One simple step to increase our GDP
Giving children with disabilities a shot at education by encouraging schools to be more inclusive will serve India well, writes Aamir Khan.columns Updated: Jun 11, 2012 00:50 IST
In America 12% of its population is counted as disabled, the percentage in England is 18, and Germany 9. In India, the official government statists claim it is 2%.
Mr Javed Abidi, of National Centre for Promotion of Employment for Disabled People, has a very poignant question with regard to the above statistics.
What is so amazing about the Indian environment or climate or gene pool, that we have 1/10 or 1/5 the number of persons with disabilities as compared to other countries? Or is it that there is something wrong with our counting?
Until the year 2000, which is 53 years after Independence, the census report of India did not record a single disabled person!In other words, in the minds of people making policy, taking decisions, allocating funds etc. the disabled did not exist. And if they did not exist, obviously we did not do much for them.
So in the first 53 years of Independence, while we were building the infrastructure of our country, we have done little or nothing to include them in our thoughts and actions. Therefore, a bulk of our infrastructure is not disabled friendly, leaving them further marginalized, and disabling them further.
How we behave with the disabled amongst us, tells us what kind of a people we are.
Mr Ketan Kothari, another expert on our show, explained to us that by and large we have two kinds of reaction to our disabled.
One, they must have done something wrong in their previous birth, because of which they are born disabled and therefore deserve what they have got.
And two, let us use them as a ticket to heaven. Give some donation to an organization doing work for the disabled, or give some money to some disabled person asking for alms, and score some brownie points with God. If this is how a bulk of us, behave with our disabled, then it is a sorry picture we see of ourselves in the mirror.
Time to change guys. So where and how should this change begin?
Sarva Shiksha Abhiyan and Right to Education say that every child in India is guaranteed Education. Despite that, most regular schools in India deny admissions to children with disabilities. They site reasons of lack of infrastructure and lack of trained special educators.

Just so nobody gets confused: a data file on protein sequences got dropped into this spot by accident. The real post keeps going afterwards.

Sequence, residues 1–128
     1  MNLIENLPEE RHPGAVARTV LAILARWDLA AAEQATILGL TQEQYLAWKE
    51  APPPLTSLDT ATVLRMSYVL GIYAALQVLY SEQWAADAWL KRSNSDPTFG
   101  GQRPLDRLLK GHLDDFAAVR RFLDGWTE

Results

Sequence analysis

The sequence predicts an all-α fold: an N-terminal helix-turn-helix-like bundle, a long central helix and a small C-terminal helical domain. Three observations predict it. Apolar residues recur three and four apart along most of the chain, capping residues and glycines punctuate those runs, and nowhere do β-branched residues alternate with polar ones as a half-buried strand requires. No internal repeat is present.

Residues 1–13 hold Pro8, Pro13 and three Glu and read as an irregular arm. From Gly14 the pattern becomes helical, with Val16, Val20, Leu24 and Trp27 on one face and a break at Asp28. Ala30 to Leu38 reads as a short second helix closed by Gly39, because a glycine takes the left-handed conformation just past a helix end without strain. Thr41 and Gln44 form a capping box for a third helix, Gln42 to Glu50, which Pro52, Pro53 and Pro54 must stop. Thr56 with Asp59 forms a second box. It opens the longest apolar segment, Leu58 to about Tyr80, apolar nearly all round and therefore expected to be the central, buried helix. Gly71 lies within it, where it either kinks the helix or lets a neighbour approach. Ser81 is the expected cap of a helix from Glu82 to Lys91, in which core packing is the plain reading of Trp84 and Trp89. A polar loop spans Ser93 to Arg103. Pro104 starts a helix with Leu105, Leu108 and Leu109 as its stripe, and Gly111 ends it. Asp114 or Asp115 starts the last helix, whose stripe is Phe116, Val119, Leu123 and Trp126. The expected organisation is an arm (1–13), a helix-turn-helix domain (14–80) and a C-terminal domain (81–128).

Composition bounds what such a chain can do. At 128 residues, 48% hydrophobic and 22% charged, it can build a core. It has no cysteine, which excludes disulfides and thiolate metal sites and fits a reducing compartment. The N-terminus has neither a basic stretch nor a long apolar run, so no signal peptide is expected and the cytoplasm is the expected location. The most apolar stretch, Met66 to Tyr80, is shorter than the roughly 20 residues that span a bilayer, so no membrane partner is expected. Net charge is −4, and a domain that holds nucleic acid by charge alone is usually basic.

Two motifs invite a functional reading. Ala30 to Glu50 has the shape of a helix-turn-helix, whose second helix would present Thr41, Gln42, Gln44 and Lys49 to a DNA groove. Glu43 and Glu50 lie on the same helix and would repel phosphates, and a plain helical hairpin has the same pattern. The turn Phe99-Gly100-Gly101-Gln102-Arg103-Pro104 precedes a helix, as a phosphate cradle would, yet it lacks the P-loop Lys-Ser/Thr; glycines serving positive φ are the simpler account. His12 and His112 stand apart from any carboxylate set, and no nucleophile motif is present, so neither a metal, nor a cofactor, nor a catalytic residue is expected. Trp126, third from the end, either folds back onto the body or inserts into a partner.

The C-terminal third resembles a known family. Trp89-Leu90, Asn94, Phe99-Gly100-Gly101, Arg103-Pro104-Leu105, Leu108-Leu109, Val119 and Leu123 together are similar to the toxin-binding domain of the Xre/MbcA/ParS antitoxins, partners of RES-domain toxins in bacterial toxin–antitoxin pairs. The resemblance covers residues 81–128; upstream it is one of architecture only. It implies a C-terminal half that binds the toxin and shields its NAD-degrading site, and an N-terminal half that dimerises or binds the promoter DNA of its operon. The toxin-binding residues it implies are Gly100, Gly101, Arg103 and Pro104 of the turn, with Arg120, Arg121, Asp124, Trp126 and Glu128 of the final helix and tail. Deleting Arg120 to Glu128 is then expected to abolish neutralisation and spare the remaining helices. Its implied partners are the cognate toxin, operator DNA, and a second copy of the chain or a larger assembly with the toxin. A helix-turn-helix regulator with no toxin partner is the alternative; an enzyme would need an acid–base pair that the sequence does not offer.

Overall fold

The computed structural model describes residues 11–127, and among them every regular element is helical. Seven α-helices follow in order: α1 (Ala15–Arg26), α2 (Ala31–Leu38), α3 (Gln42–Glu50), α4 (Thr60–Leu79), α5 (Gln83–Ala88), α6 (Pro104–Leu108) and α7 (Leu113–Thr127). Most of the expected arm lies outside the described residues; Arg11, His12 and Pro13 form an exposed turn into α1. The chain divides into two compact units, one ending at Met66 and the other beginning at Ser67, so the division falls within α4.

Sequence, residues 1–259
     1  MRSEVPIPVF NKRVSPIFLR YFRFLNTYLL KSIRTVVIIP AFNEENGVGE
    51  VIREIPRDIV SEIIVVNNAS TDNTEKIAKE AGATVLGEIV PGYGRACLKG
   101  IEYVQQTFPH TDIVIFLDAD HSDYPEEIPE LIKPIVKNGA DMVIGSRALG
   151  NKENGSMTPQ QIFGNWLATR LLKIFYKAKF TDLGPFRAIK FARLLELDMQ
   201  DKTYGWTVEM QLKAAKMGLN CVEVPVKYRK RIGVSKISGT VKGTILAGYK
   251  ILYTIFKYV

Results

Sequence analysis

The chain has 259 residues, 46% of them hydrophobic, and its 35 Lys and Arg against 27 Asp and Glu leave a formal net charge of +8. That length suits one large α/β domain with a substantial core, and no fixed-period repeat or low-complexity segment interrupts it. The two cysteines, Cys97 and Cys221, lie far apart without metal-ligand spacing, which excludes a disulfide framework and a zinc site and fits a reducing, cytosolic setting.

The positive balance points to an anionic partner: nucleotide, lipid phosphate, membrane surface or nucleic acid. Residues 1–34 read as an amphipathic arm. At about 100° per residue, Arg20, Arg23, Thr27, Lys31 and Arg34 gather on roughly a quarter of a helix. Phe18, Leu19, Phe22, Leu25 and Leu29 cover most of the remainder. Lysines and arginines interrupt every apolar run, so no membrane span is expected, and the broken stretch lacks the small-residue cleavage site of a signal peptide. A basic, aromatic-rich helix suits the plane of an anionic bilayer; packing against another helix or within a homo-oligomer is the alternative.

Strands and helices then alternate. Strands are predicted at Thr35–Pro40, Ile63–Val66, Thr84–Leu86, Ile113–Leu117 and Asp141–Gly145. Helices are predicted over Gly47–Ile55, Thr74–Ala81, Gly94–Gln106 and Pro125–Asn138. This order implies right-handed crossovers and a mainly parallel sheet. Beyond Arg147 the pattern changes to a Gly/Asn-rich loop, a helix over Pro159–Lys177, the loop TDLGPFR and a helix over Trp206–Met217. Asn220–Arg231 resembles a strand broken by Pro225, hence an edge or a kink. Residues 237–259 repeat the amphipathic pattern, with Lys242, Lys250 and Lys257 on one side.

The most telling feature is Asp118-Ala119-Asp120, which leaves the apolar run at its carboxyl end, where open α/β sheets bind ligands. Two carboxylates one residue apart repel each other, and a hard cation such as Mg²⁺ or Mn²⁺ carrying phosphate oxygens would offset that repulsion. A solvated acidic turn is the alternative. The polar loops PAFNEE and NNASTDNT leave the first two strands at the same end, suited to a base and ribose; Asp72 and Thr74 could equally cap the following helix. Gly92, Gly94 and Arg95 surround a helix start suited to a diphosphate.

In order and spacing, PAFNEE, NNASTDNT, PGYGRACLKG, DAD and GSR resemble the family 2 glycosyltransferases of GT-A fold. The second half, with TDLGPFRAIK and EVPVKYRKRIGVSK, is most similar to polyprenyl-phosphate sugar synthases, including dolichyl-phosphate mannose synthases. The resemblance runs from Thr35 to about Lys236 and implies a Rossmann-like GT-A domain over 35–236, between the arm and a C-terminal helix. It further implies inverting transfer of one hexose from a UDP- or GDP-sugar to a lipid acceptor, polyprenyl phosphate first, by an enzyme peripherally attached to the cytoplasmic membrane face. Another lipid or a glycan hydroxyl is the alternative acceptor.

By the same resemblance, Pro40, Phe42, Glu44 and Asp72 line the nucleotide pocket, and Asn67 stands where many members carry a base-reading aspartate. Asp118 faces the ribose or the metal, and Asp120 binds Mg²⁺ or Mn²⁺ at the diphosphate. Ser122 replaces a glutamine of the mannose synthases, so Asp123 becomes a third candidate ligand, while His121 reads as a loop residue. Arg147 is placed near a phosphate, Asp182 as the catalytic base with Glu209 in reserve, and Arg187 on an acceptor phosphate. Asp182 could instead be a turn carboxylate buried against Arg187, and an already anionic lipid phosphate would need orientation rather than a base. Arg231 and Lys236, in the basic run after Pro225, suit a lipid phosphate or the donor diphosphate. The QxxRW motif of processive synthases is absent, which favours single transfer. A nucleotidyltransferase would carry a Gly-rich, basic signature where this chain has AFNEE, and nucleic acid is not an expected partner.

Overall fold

hey are probably right. But what has stopped so many schools across India to be inclusive and disabled friendly? Who was putting a gun to their heads, not allowing them to do this? I'm afraid it was our own lack of thought, and application of mind, and maybe heart.
So lets change that. If we start today, individually each school (if it really wants to) can become a truly integrated school within a period of two at the most three years. Let each school make this their target.
Currently an alarmingly low percentage of children with disabilities are educated. Without the foundation of a strong education, no child can reach his or her potential in life. By denying to children with disabilities admission in regular schools, we are denying them their right to education and therefore their right to make their lives productive.
By denying admission to children with disabilities in regular schools, we are also denying regular children the right to intermingle with, learn from, and grow up with their friends with disabilities and vice versa. With education for our persons with disabilities, we can lay the foundation for them to be productive, look after themselves, and their families.
The government says 2% of our population is disabled. Various experts and NGOs say it is 6%. I think it is safe to assume that the number of persons with disabilities in our country would be anywhere between 6 - 10%. Lets say 8%. 8% of 1.2 billion is 96 million.
That is more than the population of England (51 Million), France (65 million) and Germany (80 million).
As Mr Javed Abidi put it, what we as a society need to decide is, do we want 96 million of our population to be uneducated, unemployed, unproductive and left with no choice but to be a weight that the rest of us carry?
Or do we want this huge section of our society to be educated, employed, productive, able to look after themselves and their families, contributing to the growth and wealth of our nation?
If we want the latter then we simply cannot achieve that without including them in our mainstream education system. That's the bottom line.
Jai Hind. Satyamev Jayate.